row2k Features
Coach Kaehler
Ease Into The Catch
January 27, 2011
Bob Kaehler

Have you ever been told that you need to get more reach at the catch?

Whether you are 5’6” (167cm) or 6’4” (193cm), good reach at the catch is important. Proper hip flexibility and/or strength are essential to make this happen. When athletes do not have proper hip flexibility at the catch, quick solutions include either lowering the feet or sitting on a butt pad. A more effective and long-term approach is to identify your hip flexibility, and if necessary, improve it.

Lowering the feet and sitting on a butt pad are two common methods used to improving reach and ease of getting into the catch. However, both of these methods increase the vertical component of your rowing stroke and make your boat less stable. While these issues may not interest the recreational rower, they could result in loss of power and speed to the racer.

Changing foot positions is easy and relatively inconsequential on an erg. In boats, however, particularly the smaller boats (1X, 2X, 2-), it is difficult to adequately lower the feet because of the hull. In which case, a butt pad may be used. Rowers who lack ideal hip mobility can also increase their reach by bringing the shoulders deeper into the catch. This is done by increasing flexion (C-shape) in mid (thoracic spine) and low-back (lumbar spine). However, increasing the distance of the shoulders past the hips at the catch is not an ideal solution, as it increases stress on the passive tissues in the back (vertebrae, discs, and ribs). This additional stress can lead to back pain and/or rib fractures.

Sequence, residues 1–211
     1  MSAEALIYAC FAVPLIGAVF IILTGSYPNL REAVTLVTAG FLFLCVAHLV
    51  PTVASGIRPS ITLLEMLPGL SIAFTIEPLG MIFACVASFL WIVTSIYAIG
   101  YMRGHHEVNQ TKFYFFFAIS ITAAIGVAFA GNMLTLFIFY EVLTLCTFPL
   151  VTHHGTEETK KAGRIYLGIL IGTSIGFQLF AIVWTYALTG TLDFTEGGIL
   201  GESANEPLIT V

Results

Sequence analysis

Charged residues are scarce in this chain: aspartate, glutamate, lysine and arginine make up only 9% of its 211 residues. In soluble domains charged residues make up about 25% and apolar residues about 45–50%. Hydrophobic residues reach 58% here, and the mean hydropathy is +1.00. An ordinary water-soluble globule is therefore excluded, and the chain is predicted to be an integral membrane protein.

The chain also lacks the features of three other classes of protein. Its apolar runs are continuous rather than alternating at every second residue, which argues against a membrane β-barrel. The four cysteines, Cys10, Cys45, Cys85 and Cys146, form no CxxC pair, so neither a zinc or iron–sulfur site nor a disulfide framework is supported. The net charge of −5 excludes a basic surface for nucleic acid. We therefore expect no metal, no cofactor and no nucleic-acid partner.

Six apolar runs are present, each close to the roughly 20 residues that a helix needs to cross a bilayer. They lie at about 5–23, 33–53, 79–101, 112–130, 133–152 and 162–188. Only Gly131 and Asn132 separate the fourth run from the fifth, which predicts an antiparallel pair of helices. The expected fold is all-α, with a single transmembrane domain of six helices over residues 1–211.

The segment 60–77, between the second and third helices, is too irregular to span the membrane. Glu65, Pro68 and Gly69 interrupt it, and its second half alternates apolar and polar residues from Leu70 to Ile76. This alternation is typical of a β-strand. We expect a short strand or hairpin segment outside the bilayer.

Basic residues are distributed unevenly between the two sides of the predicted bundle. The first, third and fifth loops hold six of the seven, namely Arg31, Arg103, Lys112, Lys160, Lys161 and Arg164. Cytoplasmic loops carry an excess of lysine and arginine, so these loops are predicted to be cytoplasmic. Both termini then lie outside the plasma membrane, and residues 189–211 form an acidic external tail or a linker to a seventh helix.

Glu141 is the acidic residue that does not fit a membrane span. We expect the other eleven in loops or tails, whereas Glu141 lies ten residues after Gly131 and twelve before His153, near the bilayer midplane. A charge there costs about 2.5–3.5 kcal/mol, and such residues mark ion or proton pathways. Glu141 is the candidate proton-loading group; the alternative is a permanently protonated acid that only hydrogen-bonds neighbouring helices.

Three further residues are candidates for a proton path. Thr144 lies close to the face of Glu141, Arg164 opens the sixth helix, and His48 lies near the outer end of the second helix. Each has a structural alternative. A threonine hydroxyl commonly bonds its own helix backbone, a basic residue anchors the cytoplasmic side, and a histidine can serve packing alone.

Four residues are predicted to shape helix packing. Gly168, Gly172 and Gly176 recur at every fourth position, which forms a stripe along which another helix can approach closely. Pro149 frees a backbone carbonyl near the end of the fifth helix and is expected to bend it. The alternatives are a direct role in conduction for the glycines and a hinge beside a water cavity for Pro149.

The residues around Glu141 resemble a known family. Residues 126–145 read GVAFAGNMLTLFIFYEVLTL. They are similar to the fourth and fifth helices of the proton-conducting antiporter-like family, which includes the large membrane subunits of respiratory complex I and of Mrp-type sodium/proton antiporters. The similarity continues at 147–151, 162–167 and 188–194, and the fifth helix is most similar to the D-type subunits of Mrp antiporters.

The ideal solution to improving reach at the catch is to improve hip flexibility. This will help not only eliminate the use of equipment and compromised technique, but also reduce the risk of injuries. To assess hip range of motion (ROM) at the catch, get on all fours with your feet (shoes off) placed over the edge of a staircase landing. This can also be done using a treatment table. Once you have your thighs and arms in a vertical starting position (Fig. 1), begin rocking backwards without moving your hand position. Push yourself back slightly with your hands, and then push back as far as you can (Fig. 2). Full range of motion for this test occurs when the ischial tubercles or sits bones (YELLOW MARKER) are able to touch both heels. If you are not able to reach this point, then you have limited hip flexion joint mobility, possibly caused by muscle inflexibility and/or loss of joint mobility.